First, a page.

First came Fast Food Nation. Then, Super Size Me. The latest installment in the man-aren’t-we-Americans-disgusting-in-what-we-eat comes to us delivered with a British accent in Jamie Oliver’s Food Revolution. After seeing several comments from other moms on Facebook, I sat down and watched the three episodes which have aired so far online. This is how the show is described:
“Jamie Oliver is here to start a revolution. The impassioned chef, TV personality and best-selling author is determined to take on the high statistics of obesity, heart disease and diabetes in this country, where our nation’s children are the first generation not expected to live as long as their parents. Oliver is inviting viewers to take a stand and change the way America eats, in our home kitchens, schools and workplaces, with this thought-provoking new series.”
Most of what I saw I expected: further confirmation that kids are becoming more removed from where their food comes from, further sadness that some children can’t recognize vegetables LIKE A TOMATO (c’mon kids, don’t you see the picture of the tomato on the ketchup bottle?) and increased angst about my son entering the public school system and being forever resigned to packing his lunch.
I think it’s great that the show highlights a growing number of advocates (like Kate Adamick) who have changed their career path to lobby for changes in the meals we serve our children and a switch back to made-from-scratch meals and away from processed fare. If school lunch reform is the basis for a reality show, you know a critical mass is concerned about the issue and more will be made aware of the obvious link between raising childhood obesity rates and what is being served in our lunchrooms.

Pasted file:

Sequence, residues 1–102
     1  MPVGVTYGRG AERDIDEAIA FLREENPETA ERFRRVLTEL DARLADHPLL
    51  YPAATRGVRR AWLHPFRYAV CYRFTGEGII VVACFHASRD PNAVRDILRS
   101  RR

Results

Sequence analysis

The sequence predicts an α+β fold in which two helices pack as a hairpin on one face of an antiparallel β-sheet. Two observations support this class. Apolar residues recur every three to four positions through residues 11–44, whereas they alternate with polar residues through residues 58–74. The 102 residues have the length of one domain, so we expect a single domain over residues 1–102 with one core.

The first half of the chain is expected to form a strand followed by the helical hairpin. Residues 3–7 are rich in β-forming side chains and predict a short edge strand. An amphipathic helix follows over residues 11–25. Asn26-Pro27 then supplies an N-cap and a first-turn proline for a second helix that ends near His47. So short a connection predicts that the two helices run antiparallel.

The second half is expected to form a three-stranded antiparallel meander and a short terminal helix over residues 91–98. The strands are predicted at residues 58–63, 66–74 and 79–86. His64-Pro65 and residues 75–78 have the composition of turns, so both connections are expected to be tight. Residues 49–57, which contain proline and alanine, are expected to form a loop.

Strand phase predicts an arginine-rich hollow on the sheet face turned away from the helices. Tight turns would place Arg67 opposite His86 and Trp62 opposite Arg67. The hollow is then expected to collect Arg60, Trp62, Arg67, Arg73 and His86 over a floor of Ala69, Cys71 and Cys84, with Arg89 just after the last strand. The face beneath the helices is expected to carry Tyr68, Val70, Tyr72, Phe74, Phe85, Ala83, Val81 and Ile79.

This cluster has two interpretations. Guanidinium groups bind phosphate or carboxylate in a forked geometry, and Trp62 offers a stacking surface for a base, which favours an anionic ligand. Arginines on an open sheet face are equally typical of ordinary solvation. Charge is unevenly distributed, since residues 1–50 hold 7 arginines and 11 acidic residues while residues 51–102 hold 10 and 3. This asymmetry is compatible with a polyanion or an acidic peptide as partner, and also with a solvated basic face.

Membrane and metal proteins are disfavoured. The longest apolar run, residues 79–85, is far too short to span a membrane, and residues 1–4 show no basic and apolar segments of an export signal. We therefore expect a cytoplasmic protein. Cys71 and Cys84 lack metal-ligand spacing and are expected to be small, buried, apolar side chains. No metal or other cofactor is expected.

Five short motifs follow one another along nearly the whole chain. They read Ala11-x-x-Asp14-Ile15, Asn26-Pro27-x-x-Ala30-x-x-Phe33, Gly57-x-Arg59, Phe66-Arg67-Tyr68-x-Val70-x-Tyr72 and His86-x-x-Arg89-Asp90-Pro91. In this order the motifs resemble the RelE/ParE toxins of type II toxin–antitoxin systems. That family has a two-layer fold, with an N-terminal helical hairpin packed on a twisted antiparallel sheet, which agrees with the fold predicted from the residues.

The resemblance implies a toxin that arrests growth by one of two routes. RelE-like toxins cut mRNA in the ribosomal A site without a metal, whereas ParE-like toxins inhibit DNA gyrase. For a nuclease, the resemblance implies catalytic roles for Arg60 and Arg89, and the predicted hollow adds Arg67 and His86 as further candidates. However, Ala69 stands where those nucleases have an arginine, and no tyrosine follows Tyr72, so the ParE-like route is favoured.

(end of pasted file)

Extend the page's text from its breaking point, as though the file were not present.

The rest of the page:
On one hand, I do feel lucky to live here in Austin and be surrounded by people who care about locally grown food. On the other hand, I cringe when I remember mentoring a Fulmore middle schooler and seeing that her lunch consisted of hot Cheetos, Powerade and fries (I felt like I was seriously helping her by taking her to Pizza Hut!)
For those of you with school-aged children, how do you feel about what’s served in Austin’s schools? How do you feel it compares to what was being served in Huntington, West Virginia? What efforts are you aware about locally to improve what’s served to Central Texas students?
Written by: Nicole Basham